[MEncoder-users] Audio sync problems with HDV footage while performing an inverse telecine
astrange at ithinksw.com
Tue May 4 23:41:29 CEST 2010
On May 4, 2010, at 3:44 PM, Eric Wescott wrote:
> Using "filmdint=io=30:24/fast=0,softskip,harddup,scale=1920:1080 -noskip"? produces some strange color artifacts on the top 50 or so lines of pixels. You can see the detail but it's like there are sections where a green/purple filter is put over it. It's not constant and flickers and seems random where these filters are placed.
> What exactly is the different between filmdint and pullup?
> I had a similar problem when using vcodec=huffyuv instead of vcodec=ffvhuff. Using huffyuv would produce a similar problem on random clips but on the bottom of the frame. It however lost the entire detail and just looked almost like a visualization of the audio but didn't actually correspond to the audio playing.
> Anyway, I seem to have found the solution by removing the -mc 0 section and sticking with ffvhuff.
> Maybe one more thing to note.. After I get the 24p huffyuv version I'm transcoding it in Final Cut Studio's Compressor application to ProRes 422 and ProRes 422 Proxy. Some files aren't recognized by Compressor (I suspect it's a bug in Perian) and I can detect this by finder not showing a thumbnail preview for this file.
Do you have a sample or reliable way to create one for this?
> My solution is for these few files that don't work (maybe 50 out of the 5,000) I just encode them as x264 lossless and it does the trick. The only reason I didn't do it for all the files in the first place is it's much slower to transcode from x264->ProRes than Huffy->ProRes..
> Laine Lee wrote:
>> On 5/3/10 1:22 AM, "Eric Wescott" <wescotte at gmail.com> wrote:
>>> I have about ~5,000 HDV files recorded using an Canon HV30 Camera set to
>>> it's HD 24F mode. In order to get a proper 24P video file you need to
>>> perform a inverse telecine. I'm using the following method to create huffyuv
>>> files which I then transcode again into Apple ProRes for use in Final Cut
>>> Pro. The page
>>> http://eugenia.gnomefiles.org/2007/07/13/canon-hv20-24p-pulldown/ lists
>>> several methods to perform the inverse telecine process but mencoder seems
>>> to be the only one to do it correctly for me. JES-Deinterlacer produces some
>>> strange video artifacts..
>>> Anyway, I'm having some issues where some of the files have audio sync
>>> issues. Sometimes it's just off by a constant rate like and I just shift it
>>> in Final Cut and it's fine. Other times the file starts in sync and then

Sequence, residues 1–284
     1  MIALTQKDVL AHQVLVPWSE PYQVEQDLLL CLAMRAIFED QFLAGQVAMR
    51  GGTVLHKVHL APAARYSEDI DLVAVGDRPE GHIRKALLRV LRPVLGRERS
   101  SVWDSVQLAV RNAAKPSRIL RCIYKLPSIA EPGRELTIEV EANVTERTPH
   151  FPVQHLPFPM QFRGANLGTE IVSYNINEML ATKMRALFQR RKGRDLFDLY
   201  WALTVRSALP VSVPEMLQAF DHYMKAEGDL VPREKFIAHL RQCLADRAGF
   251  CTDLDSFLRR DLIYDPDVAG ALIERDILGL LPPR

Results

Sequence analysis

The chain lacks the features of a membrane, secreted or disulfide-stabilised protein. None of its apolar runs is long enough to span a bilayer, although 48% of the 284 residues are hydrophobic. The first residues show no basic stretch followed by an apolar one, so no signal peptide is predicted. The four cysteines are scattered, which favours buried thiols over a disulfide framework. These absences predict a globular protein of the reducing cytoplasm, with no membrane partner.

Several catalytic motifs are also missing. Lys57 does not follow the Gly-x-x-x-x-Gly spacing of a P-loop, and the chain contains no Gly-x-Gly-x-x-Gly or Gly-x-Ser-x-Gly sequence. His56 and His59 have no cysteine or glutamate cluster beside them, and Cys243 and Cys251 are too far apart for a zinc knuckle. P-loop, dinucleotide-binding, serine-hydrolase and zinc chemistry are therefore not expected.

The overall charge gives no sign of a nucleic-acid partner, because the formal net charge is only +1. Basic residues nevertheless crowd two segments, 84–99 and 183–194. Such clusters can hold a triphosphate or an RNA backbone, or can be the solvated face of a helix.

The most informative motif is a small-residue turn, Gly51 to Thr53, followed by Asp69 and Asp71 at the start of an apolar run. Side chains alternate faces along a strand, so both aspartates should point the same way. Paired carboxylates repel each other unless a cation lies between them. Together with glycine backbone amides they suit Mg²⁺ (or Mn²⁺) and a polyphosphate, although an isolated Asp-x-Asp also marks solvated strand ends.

>>> gradually looses sync. I'd say about 10-20% of the files have audio sync
>>> problems. Here is my current process
>>> mencoder INPUT.m2t -noskip -fps 30000/1001 -vf
>>> pullup,softskip,harddup,scale=1920:1080 -ofps 24000/1001 -ovc lavc -lavcopts
>>> vcodec=ffvhuff:autoaspect -oac pcm -o OUTPUT.avi
>>> ALSO, If I perform a
>>> mencoder INPUT.m2t -ovc copy -oac copy OUTPUT.mpeg
>>> and then transcode to huffy will produce different results and sometimes
>>> produce a correct final output.
>>> I've tried the most recent builds and a few older ones.. I seem to have the
>>> same results. I originally followed the guide at
>>> Any suggestions?
>> If you can copy audio with the 2nd example, have you tried it with the
>> I've had much better success with filmdint than I've ever had with pullup.
>> It depends entirely on the source, of course, but what happens if you use
>> "filmdint=io=30:24/fast=0,softskip,harddup,scale=1920:1080 -noskip"?
>> Maybe you could use Socke's ffmpeg-sox pipe that adjusts ac3 audio tempo. To
>> raise the pitch slightly (shorten duration), the tempo adjustment factor is
>> higher than 1. You have to demux and work on the audio, then remux. I put in
>> the brackets because the first occurrence of sox is actual (not a path)
>> ffmpeg -v 0 -i input.ac3 -f sox - | [/usr/local/bin/]sox -S -V -p -p tempo
>> 1.00003 | ffmpeg -v 0 -i - -acodec ac3 -ab 448000 -y adjusted_tempo_out.ac3
>> Play the video and use plus and minus keys to correct audio sync once near
>> beginning then once near end. For example, if audio has to be moved ahead
>> 500 milliseconds (500 on the mplayer on screen display, 5 presses of the
>> plus key), subtract .5 from the total number of seconds of audio, then
>> divide the original number of seconds of audio by that number to get the
>> tempo adjustment factor.
>> I created an AppleScript droplet to calculate that and perform the operation
>> that can be downloaded with the other AppleScript droplets here:
>> Laine Lee
>> MEncoder-users mailing list
>> MEncoder-users at mplayerhq.hu
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